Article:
The open concept floor plan remains an interior design trend prevalent in local area homes. Project after project, design clients request the removal walls to create open space. The popularity of multipurpose great rooms doesn’t seem to be fading. Perhaps they are favored because they combine spacious kitchens with dining and family rooms to bring families together.

These rooms merge the roles of these individual rooms into one space through aesthetics and function. They bring in more daylight, improve circulation and direct site lines through the home. This type of floor plan would certainly seem ideal, but within the vast space provided by great rooms trouble can occur.

Noise and privacy factors become considerations. Furniture placement is tricky depending on its intended function. Lighting, both indirect and task, is key and must be well planned.

How do you maintain openness and practicality at the same time? Continuity in color and style become a necessity. Simplicity is key to making it work. Smaller, functional spaces within the room keep practicality in play. Site lines can remain, but to create comfortable human scale areas there needs to be a sense of division or separation.

  1. Style. To create a well-designed great room integrate like styles of furniture and accessories. That doesn’t mean that all furniture looks the same, it means consistency in style. Eclectic rooms where curated personal treasures are mixed with simple furnishings are the most interesting. Keep small accessories gathered in one place like a bookshelf or tabletop. The scattering of “do dads” creates clutter.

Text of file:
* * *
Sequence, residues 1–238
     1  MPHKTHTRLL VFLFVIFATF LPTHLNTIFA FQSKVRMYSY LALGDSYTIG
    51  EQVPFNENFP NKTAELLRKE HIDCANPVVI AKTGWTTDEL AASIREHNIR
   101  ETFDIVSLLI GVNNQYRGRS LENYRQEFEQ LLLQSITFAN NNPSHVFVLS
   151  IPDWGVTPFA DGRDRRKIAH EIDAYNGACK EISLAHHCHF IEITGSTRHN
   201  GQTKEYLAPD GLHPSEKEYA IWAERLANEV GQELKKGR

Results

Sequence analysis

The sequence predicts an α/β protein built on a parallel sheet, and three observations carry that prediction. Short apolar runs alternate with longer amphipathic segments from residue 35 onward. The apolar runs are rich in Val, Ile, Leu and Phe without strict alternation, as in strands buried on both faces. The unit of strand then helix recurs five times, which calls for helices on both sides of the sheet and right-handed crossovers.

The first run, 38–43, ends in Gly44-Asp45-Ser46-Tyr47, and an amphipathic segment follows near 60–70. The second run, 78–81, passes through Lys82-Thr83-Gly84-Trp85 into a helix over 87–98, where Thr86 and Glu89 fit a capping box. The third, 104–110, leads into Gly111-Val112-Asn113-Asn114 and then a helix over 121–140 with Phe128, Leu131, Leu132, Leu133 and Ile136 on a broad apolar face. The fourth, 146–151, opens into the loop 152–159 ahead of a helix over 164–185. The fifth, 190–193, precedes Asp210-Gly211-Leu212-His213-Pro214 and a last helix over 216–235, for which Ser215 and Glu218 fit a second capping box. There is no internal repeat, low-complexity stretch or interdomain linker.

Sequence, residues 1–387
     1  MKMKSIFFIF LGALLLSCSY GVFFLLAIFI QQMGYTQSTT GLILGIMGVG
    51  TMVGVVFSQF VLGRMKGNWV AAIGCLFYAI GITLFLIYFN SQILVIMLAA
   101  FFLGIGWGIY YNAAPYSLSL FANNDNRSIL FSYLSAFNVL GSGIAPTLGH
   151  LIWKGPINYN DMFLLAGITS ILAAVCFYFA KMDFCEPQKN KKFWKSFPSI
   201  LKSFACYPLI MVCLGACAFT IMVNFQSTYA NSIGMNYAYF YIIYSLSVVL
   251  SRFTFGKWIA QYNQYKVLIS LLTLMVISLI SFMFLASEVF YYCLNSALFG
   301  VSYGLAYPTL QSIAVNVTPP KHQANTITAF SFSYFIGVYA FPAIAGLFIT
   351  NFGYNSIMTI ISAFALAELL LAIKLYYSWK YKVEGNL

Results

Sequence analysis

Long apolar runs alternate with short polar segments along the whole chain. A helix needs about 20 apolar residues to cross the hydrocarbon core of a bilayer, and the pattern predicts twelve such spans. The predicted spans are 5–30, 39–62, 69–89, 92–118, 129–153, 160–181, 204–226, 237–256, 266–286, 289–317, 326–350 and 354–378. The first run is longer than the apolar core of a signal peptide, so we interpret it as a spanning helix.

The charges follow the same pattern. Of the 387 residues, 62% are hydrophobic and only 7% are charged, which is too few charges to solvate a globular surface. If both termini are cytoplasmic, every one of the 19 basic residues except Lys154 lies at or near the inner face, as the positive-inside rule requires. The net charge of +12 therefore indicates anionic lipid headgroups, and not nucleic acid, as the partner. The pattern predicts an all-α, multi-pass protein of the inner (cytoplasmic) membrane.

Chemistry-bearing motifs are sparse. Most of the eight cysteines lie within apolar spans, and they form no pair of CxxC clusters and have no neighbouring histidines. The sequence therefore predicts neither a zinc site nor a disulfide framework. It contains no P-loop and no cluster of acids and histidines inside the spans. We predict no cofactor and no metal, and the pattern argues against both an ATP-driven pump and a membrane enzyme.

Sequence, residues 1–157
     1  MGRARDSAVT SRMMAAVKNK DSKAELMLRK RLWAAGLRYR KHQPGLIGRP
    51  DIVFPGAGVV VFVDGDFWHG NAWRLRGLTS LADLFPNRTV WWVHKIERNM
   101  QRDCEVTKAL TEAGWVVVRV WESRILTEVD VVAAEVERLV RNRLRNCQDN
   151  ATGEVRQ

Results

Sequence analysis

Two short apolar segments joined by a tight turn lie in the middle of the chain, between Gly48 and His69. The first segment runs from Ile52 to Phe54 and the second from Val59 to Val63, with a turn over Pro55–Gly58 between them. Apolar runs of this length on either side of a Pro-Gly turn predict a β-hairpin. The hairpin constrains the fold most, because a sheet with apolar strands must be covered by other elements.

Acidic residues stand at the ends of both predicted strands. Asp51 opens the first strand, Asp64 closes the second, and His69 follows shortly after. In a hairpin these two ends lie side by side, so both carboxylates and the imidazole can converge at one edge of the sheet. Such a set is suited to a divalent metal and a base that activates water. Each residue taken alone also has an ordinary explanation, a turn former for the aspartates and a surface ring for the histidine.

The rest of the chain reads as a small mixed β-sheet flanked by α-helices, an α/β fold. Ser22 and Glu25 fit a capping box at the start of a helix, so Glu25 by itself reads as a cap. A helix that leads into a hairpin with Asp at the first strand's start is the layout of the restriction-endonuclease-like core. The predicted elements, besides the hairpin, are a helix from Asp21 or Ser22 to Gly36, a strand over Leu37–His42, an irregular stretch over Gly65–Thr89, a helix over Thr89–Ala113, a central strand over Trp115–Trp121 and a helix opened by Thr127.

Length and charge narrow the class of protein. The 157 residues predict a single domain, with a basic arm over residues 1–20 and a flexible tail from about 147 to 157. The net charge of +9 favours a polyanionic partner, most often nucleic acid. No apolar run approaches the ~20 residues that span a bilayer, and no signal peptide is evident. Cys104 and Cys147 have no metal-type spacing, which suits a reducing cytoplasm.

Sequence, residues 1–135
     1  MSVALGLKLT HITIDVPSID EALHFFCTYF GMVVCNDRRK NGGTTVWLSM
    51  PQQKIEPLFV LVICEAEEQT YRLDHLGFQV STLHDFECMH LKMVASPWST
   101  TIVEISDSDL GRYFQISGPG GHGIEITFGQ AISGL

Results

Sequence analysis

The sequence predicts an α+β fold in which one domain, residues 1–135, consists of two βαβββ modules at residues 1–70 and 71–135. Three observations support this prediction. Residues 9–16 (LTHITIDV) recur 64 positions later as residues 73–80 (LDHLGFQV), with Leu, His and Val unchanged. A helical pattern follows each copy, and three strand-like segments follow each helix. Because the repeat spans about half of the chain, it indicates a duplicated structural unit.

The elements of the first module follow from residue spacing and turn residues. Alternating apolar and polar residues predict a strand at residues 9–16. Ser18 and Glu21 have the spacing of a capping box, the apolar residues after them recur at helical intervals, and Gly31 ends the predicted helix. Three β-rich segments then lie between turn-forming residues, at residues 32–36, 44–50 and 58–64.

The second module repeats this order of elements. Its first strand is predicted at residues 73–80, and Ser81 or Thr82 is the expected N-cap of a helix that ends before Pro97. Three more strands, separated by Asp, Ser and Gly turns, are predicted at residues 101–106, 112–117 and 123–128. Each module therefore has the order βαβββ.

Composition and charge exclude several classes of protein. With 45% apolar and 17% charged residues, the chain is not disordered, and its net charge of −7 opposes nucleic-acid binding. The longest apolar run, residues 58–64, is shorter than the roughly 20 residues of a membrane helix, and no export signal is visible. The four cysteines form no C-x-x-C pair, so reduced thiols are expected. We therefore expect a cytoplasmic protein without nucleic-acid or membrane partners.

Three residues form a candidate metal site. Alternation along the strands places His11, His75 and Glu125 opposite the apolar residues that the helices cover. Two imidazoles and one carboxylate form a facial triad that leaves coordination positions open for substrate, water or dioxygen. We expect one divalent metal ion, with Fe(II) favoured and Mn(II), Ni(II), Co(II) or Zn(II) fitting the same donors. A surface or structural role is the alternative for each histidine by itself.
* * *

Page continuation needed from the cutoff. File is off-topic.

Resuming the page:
2. Color. Stick to a warm color palette but add bursts of color in art or rugs. Remember, large furniture pieces like sofas, sectionals, and large case goods work best when they are “quiet” or neutral in color. Brightly patterned fabrics can be used on smaller upholstered pieces. The appeal of an open concept is to see through the rooms. Interruptions of large swaths of color and pattern defeat the purpose.
  3. Separation. Create invisible divisions by using sectionals or large sofas that “back” into the middle of the room. Furniture layouts that change direction or turn 90 degrees, like a dining table or sofa, aid in separation. The use of area rugs creates “rooms” when furniture is arranged and floated around them. (Pro tip: Area rugs in living areas should be sized to accommodate the two front feet of a sofa/chair/sectional, but not the back feet.)
  4. Function. Dining room furniture should be clustered with other dining room furniture. Family room sitting areas should be spaced for optimal TV viewing or comfortable conversation groupings. Islands can act as a divider between the kitchen work areas and living spaces. Counter or bar stools facing the kitchen, but opposite a dining or living area act as invisible dividers.
  5. Lighting. Transitioning to different types of light fixtures aids in the separation of spaces. Kitchen pendants over an island separates it from the work area and identify it as the casual dining area. A chandelier establishes purpose for a dining area. Some other form of dropped lighting (ceiling fan) and recessed lighting provides identity for the family living area. Each transition in the type of lighting used creates division and breaks up the vastness of a large great room. (Pro tip: Don’t forget to include floor outlets in the center of the room for lamp placement.)
This great room was divided into a conversation area oriented toward the fireplace and a dining area facing the view. (Photo submitted)
The back of the sectional is being used as a divider between the two functional spaces. Note the dining table was rotated 90 degrees to create a smaller “room” within the large room. (Photo submitted)
This recently completed project has an open concept floor plan. Note the neutral color palette and the division into separate areas while site lines remain open. (Photo submitted)